Photos in this page by galasdeguatemala.com, used with authorization.
Welcome to one of Guatemala City's best kept secrets, and one of the many sites filled with mystical mysteries with a rich cultural and historical legacy, not just for Guatemala, but also for the world, as the civilization that flourished here dates back to 1,5000 years BC.
Kaminaljuyu has been described as one of the greatest of all archaeological sites in the New World by Michael Coe, although the remains of the site today are less impressive than many other Maya sites more frequented by tourists. This important site has revealed a lot about Maya ceramics, sculpture, architecture and engineering. This site was the main producer of Obsidian and also controlled the commerce routs between the Pacific Lowlands, the Highlands, and the Peten Lowlands for centuries.
Kaminaljuyu lies in a valley in the west side of Guatemala City and contains a total of over 100 platforms and mounds created before the end of the Pre Classic period (ending approximately in the year 150 BC). The valley is surrounded by hills which culminate in a string of lofty volcanoes to the south that separate the area from the Pacific Lowlands. At an altitude of 7,000 feet above sea level, the climate is temperate and the soil is rich due to frequent volcanic eruptions.
The Pre Classic phase (a.k.a. Miraflores phase) is the foundation for later eras of the Classic Maya to flourish. Cultures of this phase developed exceptional irrigation systems and had a stable agricultural community. The remains from this time period are abundant at Kaminaljuyu. It is known that they traded cotton with their neighbors in the Escuintla area and practiced loom-weaving and were expert potters.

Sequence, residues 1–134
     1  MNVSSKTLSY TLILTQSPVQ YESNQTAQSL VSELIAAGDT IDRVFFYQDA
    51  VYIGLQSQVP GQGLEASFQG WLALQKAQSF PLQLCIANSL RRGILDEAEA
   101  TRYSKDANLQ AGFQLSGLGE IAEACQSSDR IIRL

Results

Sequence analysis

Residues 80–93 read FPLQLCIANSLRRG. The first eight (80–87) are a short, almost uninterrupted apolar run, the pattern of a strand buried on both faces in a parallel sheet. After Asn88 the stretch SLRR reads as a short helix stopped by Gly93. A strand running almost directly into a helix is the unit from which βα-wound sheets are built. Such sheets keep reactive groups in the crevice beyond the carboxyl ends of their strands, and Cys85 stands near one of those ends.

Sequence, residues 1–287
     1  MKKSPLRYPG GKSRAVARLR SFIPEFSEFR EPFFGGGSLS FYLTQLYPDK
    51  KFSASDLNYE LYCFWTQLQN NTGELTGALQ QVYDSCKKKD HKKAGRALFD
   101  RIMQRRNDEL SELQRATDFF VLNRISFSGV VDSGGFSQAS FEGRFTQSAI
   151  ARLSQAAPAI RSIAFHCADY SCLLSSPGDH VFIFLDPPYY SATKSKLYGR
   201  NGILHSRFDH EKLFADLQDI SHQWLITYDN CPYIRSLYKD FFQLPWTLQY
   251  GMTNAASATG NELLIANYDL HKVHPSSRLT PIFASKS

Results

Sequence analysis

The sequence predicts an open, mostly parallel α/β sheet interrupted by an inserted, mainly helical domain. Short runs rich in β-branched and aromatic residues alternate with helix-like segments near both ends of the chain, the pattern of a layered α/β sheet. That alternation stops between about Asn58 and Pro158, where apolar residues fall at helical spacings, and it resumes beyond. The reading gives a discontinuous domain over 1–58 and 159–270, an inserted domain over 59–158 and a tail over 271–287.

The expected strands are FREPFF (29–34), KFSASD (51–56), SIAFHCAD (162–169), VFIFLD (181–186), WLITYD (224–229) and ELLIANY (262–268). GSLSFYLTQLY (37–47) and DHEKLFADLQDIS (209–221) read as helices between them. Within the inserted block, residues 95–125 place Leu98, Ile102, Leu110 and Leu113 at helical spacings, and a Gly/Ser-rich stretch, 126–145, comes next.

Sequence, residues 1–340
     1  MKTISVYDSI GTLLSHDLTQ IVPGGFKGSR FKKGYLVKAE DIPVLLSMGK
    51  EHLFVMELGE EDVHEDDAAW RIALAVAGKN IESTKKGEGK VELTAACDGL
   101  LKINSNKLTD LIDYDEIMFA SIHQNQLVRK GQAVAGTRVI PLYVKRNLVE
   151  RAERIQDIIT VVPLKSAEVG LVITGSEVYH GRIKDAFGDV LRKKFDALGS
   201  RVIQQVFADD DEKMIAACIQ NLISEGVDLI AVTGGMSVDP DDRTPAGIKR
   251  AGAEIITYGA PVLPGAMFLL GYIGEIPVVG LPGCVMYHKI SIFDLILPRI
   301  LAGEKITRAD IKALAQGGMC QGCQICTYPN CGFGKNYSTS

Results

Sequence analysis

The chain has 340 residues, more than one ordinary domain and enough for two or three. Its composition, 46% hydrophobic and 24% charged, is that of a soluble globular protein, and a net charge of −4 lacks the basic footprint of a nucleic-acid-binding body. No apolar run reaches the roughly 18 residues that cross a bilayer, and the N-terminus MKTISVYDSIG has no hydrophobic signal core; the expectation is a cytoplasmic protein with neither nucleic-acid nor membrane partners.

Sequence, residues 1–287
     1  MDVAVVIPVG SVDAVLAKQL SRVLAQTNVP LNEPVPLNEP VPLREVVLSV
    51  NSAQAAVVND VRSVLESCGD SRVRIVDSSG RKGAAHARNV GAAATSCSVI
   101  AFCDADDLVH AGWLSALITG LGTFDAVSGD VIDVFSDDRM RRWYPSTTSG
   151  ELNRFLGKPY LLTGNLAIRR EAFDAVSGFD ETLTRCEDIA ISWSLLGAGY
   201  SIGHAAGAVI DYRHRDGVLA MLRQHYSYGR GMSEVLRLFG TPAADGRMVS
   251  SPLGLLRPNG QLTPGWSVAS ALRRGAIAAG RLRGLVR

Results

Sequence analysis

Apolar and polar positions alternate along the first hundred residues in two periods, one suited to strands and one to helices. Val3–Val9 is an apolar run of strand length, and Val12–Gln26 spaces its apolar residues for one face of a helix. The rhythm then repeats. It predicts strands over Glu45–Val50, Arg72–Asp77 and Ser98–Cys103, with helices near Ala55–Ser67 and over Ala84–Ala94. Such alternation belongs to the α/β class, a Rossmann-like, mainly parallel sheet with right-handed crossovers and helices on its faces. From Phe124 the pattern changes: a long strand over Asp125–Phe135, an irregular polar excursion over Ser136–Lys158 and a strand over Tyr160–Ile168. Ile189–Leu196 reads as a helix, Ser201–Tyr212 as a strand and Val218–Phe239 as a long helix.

Religious practices that would later be further developed throughout Mesoamerica were taking root at this time, such as mounds to serve as substructures for small shrines or temples and ritual burial of the dead. The abundance of remains from this period at Kaminaljuyu indicate it was the seat of a large community.
The site was first excavated in 1,925 by Manuel Gamio when he made stratigraphic excavations and found deep cultural deposits yielding potsherds and clay figurines from the Middle to late Preclassic (1,500 BC to 150 AC). Later the extent of the site’s importance was discovered in 1935 when a local football club accidentally uncovered a buried structure and the name was given: Kaminal Juyú from the Ki´ché words meaning "hills of the dead".
As you can see in the photo to the left, the area was largely swallowed up by real estate developments in the late 20th century, although a portion of the center of Kaminaljuyu is preserved as a park.